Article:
Oakland residents Benjamin Abraham and Conan Neutron (of Victory and Associates) are organizing the three-day show, which is slated to be held at new music venue Leo’s, located in the former Leo’s Pro Audio building at 5447 Telegraph Avenue, pending approval from the city’s planning commission on April 19. It will be the first West Coast iteration of PRF BBQ, which was first held in Chicago in 2009 and has since expanded to New York and other cities. The barbecue/music festival began as a way to bring together members of the online forum on ElectricalAudio.com, the website of the Chicago studio of famed rock producer Steve Albini. Although the online forum started as a way to discuss issues regarding recording, it “kind of morphed into this really organic community about DIY punk,” said Abraham, whose band, Methodist, played the New York PRF in 2011, when he was living there at the time. (PRF stands for “Premier Rock Forum” — a “sarcastic, inside joke which stuck,” said Abraham.)
When Abraham moved out to the Bay Area to go to school in August 2012, he thought there should be a PRF event here as well. He posted about the idea on the Electrical Audio forum and got a positive response, he said. While the West Coast event features many local bands, the ultimate goal of the PRF BBQ is to bring “bands and friends together from all over the country to play music and hang out for a weekend,” said Abraham. The lineup is almost complete, while the food aspect— which will likely involve food trucks — is still being decided on. Tickets are on sale now: $30 for a three-day pass, $12 per day, or $15 at the door. Neutron added that he and Abraham are encouraging attendees to buy three-day passes so that people will hang out all weekend. Contrary to the atmosphere at most music festivals, PRF West Coast aims to be more of an event. “It’s not just a show, it’s very much a community experience,” said Neutron, whose band has played multiple PRF events.
Abraham said he and Neutron initially thought about holding part of the event in San Francisco, but it proved to be logistically difficult. In Oakland, they had access to new venue Leo’s, as well as a lot of great bands. “It’s such a fertile and communal DIY scene – it made a lot of sense [to hold it in Oakland],” said Abraham. And considering the apparently precarious state of the music scene in San Francisco, holding the event in Oakland seems to make sense.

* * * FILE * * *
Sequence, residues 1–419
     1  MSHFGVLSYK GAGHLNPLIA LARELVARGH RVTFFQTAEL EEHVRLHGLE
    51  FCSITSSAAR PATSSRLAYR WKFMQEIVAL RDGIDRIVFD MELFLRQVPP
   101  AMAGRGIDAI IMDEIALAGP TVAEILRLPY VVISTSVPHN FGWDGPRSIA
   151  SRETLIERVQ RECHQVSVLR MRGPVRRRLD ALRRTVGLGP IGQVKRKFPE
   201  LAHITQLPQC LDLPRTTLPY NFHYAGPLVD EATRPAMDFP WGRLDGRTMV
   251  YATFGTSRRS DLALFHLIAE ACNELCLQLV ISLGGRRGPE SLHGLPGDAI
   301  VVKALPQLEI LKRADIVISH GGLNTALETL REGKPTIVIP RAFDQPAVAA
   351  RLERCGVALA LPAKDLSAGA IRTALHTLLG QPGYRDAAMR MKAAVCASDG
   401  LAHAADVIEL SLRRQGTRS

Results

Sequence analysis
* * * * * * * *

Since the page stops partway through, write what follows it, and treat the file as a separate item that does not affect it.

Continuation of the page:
As the Express previously reported, Leo’s is owned by the Parish Entertainment Group, which also operates The New Parish in Oakland and Brick and Mortar Music Hall in San Francisco. The space will also feature a restaurant, ensuring that the venue can host all-ages shows, and a clothing store, according to co-owner Jason Perkins.
*A planning commission meeting was scheduled to discuss the venue in early March, but the item got pushed to April 19. Perkins said the commission has asked that the New Parish Group open the restaurant simultaneously as the music venue, and plan for parking. If the venue isn’t able to open in time for PRF, Perkins said the event will be held at one of his other venues (we assume he meant the New Parish, since Brick and Mortar is already booked for those dates). When reached by phone today, Abraham said he wasn’t aware of the logistical hold-up and planned to look into it.
In the meantime, here’s the scheduled lineup:
FRIDAY May 2
Squab Squawk – Santa Cruz, CA
Eugene S. Robinson (Oxbow) – San Francisco, CA
New China – Austin, TX
Feeling Gravity’s Pull – Merced, CA
Thoughts Detecting Machines – Illinois
Cartographer – LA/Oakland, CA
Porch – Oakland, CA
SATURDAY May 3
Cinder Cone – Los Angeles, CA
ALTO! – Portland, OR
Practice Wife – Toronto, ON
Generalissimo – Oakland, CA
Nonagon – Chicago, IL
The Gary – Austin, TX
Hurry Up Shotgun – Oakland, CA
Kowloon Walled City – San Francisco, CA
SUNDAY May 4
The Tunnel – San Francisco, CA
West By Swan – Chico, CA
The Loyalists – Oakland, CA
Bedrücken – Oakland, CA
Victory and Associates – SF/Oakland, CA
Philistines – SF, CA
Turbo Lightning – Los Angeles, CA
Editor’s note: A previous version of this story incorrectly stated the month during which the planning commission was to discuss the venue. It was March, not May. This version has been corrected.